What is the message you’d like to send our readers from one Latino to another? How can they start to get involved?

Mayor Rey Leon: Pay attention, do your research, join environmental justice groups or Facebook pages, be ready to learn, don’t be afraid to ask questions, and be humble.  While we need to bring out our superpower to help, let’s not do it in a colonial way; that never works. We need to work with, alongside and for, our people to empower or “Co-power.”  The example we give in the process of doing the work is as potent as the work itself.  If you can join a group doing good work, check it out; if nothing exists, get folks together and start a committee to focus on an environmental concern in your neighborhood, city or begin a community garden that can teach about carbon sequestration, composting, sustainable environments, resilience, etc. Oh, and contribute to good causes like the Green Raiteros to get farmworkers to their medical appointments, soon that will include Covid-19 vaccines! Si se puede!

Rodriguez: I think it’s time we have to write a new story. Whatever way we look at it — whether it’s environmental, whether it’s through Covid-19 or the economy — Latinos are disproportionately suffering. We are suffering because of racism – because of xenophobia. And in order for us to change our condition, we have to tell a different kind of story about our future. Even as I was growing up, there was this message not to be so political, not be so out there or bold, and I’m writing a new story. I consider myself a bold-spoken Latina because the old story wasn’t working for me anymore. The old story was keeping silent, it was keeping me passive, and it just doesn’t work for the reality of today. If we want to be healthy, if we want schools and communities that work for us, we have to be willing to question the narratives that we have carried on for so long. And we have to tell a new kind of narrative, and that takes courage, especially for women.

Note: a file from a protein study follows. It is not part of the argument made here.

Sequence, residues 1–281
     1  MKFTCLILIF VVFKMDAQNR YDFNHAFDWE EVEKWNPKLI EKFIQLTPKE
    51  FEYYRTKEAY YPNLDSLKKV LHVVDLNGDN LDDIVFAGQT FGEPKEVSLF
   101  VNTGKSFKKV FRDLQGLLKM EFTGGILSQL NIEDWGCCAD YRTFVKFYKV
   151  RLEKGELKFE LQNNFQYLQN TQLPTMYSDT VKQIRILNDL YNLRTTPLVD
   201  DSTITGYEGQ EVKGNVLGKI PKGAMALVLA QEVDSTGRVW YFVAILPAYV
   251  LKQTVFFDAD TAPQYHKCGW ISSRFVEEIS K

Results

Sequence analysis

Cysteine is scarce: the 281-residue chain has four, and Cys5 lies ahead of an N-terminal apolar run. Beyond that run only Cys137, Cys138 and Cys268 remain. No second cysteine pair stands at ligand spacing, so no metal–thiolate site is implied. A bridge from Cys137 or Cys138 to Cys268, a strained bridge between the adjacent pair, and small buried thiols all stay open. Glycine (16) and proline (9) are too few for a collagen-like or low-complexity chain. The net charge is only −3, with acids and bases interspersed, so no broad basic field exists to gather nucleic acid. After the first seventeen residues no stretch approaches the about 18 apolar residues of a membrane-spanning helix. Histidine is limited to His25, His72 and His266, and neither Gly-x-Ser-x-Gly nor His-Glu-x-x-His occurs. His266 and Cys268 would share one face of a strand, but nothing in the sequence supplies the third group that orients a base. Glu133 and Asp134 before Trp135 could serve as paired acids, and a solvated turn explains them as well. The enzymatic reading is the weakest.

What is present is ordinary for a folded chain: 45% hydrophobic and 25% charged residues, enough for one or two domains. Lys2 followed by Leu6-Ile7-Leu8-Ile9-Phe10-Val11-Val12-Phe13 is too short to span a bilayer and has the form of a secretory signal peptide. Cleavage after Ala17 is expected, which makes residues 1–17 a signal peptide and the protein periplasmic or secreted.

How are you, as a Mayor, working on getting this message about going electric to the Latino community?

Mayor Rey Leon: On a daily basis, most of my conversations revolve around air quality, environmental and climate justice, and the impacts therein.  Using social media, I make sure to spread the data, knowledge, studies, and stories regarding environmental and climate impacts on community health and the manner in which one can participate to be a climate warrior or even superhero! Not too long ago, I posted an article regarding a new study, which found that communities already dealing with disproportionate pollution sources were harder hit by Covid-19 due to the continuous hit on the body and immune system from proximity and toxicity of industrial sources of pollution.  That happens to be in and around farmworker and Latino communities, largely.  These same communities do not have the resources to then deal with the consequences at a time when healthcare is still not as accessible, and if it is, its quality is deficient.  That, too, is why I support Medicare for all or universal health care.  This pandemic has unveiled what we in the environmental justice, racial justice, education equity, and economic justice communities already knew, that disparate treatment has been baked in all of our systems and institutions to such depth that we have taken it for granted and allowed representatives think that incremental change was the way to solve it and it isn’t. In honor of African American Heritage Month, I will quote Martin Luther King Jr., “Justice delayed is justice denied.”  It’s heartbreaking to see elected officials not show moral leadership and conviction for human dignity.

What other engagements are you, as an artist and environmentalist, focusing on right now that are also important in the Latinx community?

Rodriguez: I am doing a lot of work around Covid-19, it is so awful, but it shows us how unequal and racist our health care system is. I am working on spreading awareness around on who’s dying from Covid-19; how are we demanding resources, everything from economic resources to resources on how to grieve our family. I am an artist — I believe we need to feel the pain, and right now, we cannot feel the pain; we can hardly even bury our loved ones. If you look at Los Angeles, you see how Latinos are disproportionally impacted. This is going to create massive trauma. As an artist, I’m thinking about how we are dealing with this and how we are telling stories. As an environmentalist, I am thinking about all the people in the meat industry, and how Covid-19 is hitting the meat industry. I am working a lot on Covid-19 recovery; I am working on storytelling around Covid-19. I am also about really understanding and recognizing our political power as Latinos; how are we demanding the new administration responses to our needs.  The new administration needs to be responsive to us because Latinos and black people secured the victory.